(Tower City, North Dakota – September 21, 2013)
This incident happened at a dangerous, unguarded crossing that lacked any active warning devices, such as flashing lights and gates. It is virtually certain that lights and gates would have prevented this incident. Both BNSF and Operation Lifesaver know lights and gates are the most effective type of protection at railroad crossings. Studies that have been conducted over fifty years ago confirm that lights can gates offer the ability to drastically reduce the number of vehicle/train accidents by as much as 96%.
A 54-year-old motorist, Dawn Flaig of Leonard, ND, had her nearly-new 2012 GMC Acadia totaled Saturday evening at about 7:15 P.M. at the intersection of BNSF railroad tracks and 134th Avenue Southwest on the east edge of Tower City, ND, when she was hit by a BNSF train. She was air-lifted to Essentia Health Hospital in Fargo, ND, where she was admitted in undetermined condition for numerous injuries.
Dawm Flaig was traveling northbound on the county, gravel road when her full-size SUV Crossover was struck by the westbound train, totaled, and ended up in a trackside ditch with the dazed and severely injured victim still inside the wreckage.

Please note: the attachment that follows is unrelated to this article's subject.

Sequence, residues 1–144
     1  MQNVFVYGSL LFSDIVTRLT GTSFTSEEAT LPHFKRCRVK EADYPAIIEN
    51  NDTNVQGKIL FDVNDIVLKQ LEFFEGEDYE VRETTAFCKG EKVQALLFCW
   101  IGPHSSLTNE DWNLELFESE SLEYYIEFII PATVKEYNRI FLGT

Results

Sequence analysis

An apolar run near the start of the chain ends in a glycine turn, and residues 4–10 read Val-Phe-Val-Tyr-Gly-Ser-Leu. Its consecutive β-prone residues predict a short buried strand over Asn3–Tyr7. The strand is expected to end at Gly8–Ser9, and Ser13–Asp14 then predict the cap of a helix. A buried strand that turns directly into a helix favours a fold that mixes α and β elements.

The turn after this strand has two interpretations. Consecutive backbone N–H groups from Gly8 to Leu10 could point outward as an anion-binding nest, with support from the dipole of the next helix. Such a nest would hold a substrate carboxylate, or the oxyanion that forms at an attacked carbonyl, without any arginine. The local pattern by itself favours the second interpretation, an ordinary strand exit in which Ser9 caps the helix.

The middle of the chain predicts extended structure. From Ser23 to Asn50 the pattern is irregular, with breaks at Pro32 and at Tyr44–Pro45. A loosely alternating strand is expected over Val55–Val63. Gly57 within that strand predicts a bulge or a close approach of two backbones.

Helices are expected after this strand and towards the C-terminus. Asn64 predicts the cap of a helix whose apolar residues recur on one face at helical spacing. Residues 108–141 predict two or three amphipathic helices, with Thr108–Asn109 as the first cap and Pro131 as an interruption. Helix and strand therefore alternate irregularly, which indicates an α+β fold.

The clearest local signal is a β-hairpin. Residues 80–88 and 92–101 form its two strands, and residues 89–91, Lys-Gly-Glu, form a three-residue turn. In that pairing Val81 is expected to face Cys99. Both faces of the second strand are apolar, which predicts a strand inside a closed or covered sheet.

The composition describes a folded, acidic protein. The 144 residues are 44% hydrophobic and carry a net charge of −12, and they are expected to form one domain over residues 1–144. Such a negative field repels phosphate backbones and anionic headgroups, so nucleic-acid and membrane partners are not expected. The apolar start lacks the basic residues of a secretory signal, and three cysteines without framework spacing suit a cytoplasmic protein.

According to Federal Railroad Administration-kept, railroad-generated records, an average of 20 BNSF trains cross the 134th Ave. SW intersection daily at a top allowable speed of 60 mph.
The driver was also issued a traffic ticket courtesy of the North Dakota Highway Patrol, for failing to yield to a train she probably never saw nor heard. Public agency law enforcement officers are frequently trained and encouraged by their railroad police counterparts to issue tickets to motorists, regardless of injury or non-existence of active protective devices such as flashing lights, bells and crossing gates, in order to establish the appearance of guilt on the part of the victim.